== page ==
Diversion Youth Diversion

LA County Board of Supervisors Votes to Launch “Historic” Youth Diversion Plan

Celeste Fremon
Written by Celeste Fremon

A little past midday on Tuesday, November 7, the Los Angeles County Board of Supervisors voted unanimously to adopt an ambitious plan to divert thousands of the county’s youth away from the juvenile and criminal justice systems, connecting them instead to a comprehensive array of supportive services.

Although no one who attended the board meeting seemed very worried that the motion, authored by Supervisors Mark Ridley-Thomas and Janice Hahn, wouldn’t pass. Nevertheless, when it was time for discussion, a line-up of speakers stepped to the microphones to declare their ardent support for the 78-page report titled A Roadmap for Advancing Youth Diversion in LA County, which provided the framework for the sweeping strategy that was being proposed.

“This is an historic day in the history of justice reform,” said Dr. Robert Ross when it was his turn to speak. Ross is president and CEO of The California Endowment, one of the largest foundations in the U.S.

“We know that 80 percent of the youth now being arrested in the county could be diverted to community based-services if the plan is realized,” he said. The county could “lead the nation.”

Dr. Robert Ross, CEO, The California Endowment (center) speaks to the board

Indeed, the authors of the Roadmap wrote that 13,665 arrests and citations were issued to the county’s young in 2015, according to the Department of Justice Statistics. And approximately 11,000 of those 2015 arrests—“including status offenses, misdemeanors, and low-level felonies”—would have been legally eligible for diversion in lieu of arrest or citation under the California Welfare and Institutions Code, had the proposed program been up and running.

Ross also told the board that the Endowment had been supporting restorative justice and diversion programs in communities such as Long Beach, San Diego, and Oakland. And they had promising preliminary data, he said, “particularly from Oakland.

In the course of these programs, said Ross, “young people come face-to-face with the people they have harmed,” and then make a plan for “making it right with the folks they’ve harmed,” all this in addition to getting health services that address many of the kids’ various needs. Plus the programs are “proven to work better than incarceration and cost considerably less.”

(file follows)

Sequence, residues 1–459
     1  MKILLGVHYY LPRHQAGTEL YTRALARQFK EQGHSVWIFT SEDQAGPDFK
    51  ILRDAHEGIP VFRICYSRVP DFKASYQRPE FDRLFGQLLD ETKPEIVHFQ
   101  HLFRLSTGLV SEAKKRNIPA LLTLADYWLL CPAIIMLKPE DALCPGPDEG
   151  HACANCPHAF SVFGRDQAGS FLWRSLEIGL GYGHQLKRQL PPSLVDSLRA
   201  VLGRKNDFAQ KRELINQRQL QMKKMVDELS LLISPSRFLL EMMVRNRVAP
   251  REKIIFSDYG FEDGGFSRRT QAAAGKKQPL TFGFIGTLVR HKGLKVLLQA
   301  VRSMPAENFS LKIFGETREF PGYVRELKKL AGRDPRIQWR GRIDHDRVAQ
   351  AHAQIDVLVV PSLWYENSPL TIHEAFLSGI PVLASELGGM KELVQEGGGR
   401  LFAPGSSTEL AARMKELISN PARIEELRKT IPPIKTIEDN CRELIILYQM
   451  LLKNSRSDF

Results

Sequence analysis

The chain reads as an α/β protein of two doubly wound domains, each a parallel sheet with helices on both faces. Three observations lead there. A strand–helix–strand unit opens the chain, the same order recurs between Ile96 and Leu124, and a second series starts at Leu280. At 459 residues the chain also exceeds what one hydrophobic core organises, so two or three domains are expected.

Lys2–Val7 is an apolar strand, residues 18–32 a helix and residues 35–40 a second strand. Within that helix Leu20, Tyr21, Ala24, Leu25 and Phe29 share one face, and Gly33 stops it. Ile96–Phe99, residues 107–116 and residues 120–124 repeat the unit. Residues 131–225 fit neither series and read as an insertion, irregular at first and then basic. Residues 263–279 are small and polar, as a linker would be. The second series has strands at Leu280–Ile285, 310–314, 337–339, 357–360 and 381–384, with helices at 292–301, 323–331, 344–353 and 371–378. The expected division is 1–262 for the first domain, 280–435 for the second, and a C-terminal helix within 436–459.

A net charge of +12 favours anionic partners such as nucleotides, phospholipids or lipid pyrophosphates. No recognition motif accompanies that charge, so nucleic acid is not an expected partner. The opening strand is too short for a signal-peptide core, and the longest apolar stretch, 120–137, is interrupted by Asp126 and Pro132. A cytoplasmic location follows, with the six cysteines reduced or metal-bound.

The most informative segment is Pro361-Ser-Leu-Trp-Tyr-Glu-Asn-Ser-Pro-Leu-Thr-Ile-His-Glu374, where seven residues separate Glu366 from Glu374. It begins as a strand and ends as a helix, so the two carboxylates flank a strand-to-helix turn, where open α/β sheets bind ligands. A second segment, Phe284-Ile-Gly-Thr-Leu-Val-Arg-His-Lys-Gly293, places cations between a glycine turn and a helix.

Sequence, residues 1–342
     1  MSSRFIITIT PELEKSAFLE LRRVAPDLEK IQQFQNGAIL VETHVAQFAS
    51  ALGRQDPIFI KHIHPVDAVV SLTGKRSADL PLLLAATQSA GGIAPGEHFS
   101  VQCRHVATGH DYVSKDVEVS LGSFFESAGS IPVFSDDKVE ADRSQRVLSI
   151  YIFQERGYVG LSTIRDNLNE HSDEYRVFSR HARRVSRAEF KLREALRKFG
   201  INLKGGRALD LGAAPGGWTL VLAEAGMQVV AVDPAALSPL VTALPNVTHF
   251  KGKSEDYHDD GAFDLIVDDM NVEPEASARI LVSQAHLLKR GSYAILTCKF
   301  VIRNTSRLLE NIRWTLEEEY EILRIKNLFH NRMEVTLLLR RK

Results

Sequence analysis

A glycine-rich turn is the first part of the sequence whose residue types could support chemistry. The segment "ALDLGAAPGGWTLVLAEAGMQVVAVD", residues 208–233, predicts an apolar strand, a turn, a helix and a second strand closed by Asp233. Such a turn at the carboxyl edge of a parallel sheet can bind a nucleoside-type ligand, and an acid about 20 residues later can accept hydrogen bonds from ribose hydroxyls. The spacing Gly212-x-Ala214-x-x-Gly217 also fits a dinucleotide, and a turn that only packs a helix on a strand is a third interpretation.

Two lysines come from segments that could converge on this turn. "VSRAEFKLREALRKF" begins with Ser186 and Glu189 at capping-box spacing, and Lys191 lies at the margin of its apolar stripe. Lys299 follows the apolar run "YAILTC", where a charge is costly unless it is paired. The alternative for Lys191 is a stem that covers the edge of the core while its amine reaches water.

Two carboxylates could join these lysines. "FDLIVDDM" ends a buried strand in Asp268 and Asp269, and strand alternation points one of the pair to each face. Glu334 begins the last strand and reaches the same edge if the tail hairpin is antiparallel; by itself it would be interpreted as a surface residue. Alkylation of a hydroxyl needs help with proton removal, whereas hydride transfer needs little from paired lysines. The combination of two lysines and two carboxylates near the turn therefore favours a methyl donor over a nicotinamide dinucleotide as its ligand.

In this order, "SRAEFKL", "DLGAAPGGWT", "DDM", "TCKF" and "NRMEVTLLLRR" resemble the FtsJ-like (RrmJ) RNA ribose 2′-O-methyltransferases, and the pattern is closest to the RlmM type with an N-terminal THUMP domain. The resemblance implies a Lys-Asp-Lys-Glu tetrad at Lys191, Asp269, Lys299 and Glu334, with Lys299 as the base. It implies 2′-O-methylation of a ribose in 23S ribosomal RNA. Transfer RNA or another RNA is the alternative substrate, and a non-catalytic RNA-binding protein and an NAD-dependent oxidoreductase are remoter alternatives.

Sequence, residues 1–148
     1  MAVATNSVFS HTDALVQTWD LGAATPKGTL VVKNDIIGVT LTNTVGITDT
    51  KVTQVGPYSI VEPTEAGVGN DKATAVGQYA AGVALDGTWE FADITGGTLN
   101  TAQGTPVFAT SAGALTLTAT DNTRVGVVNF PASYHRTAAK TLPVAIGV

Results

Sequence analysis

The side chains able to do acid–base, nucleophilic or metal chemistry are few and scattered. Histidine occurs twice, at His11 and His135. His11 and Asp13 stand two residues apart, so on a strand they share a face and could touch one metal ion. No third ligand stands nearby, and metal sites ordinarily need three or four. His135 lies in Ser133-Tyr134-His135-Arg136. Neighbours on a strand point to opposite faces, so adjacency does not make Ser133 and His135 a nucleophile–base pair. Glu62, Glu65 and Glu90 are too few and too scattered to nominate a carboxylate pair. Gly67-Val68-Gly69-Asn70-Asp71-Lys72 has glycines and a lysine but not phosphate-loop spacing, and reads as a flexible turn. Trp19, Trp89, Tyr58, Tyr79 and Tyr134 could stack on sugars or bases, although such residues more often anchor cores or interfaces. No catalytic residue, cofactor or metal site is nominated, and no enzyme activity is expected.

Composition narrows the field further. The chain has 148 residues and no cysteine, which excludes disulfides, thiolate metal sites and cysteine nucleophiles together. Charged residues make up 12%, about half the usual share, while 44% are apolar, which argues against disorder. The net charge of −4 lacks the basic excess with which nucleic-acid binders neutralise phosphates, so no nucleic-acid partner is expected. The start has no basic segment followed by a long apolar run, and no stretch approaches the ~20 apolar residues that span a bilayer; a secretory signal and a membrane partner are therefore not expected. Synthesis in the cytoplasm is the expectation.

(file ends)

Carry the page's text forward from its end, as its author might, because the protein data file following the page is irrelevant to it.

Another enthusiastic speaker was Michael Nash, the former presiding judge of LA’s Juvenile Court, now the Director of the county’s Office of Child Protection.

Michael Nash, Director, Office of Child Protection.

As a judge, he’d long been supportive of youth diversion, Nash said. And now as director of the Office of Child Protection, he was “very concerned” by the numbers of youth crossing over from the child welfare system to the juvenile justice system. “But this program,” he said, will help ensure that foster youth “have equal access” to the advantages and services of diversion.

Several of the speakers described the 18-month process of designing the proposed new L.A. County strategy as an unusually inclusive one, involving law enforcement leaders, local judges, county officials, health experts, community advocates, and young people who had themselves been incarcerated.

The point was emphasized by Kim McGill of the Youth Justice Coalition (YJC) who, with her young colleagues, had come before the board too many times to count, often to protest a vote, such as previous motions having to do with plans to expand the county’s jail system.

But on Tuesday, McGill talked of the honor she and other YJC members felt to be “a part of the youth diversion work group,” and how they “fully support” the plan moving forward.

Gloria Gonzalez and Kim McGill of the Youth Justice Coalition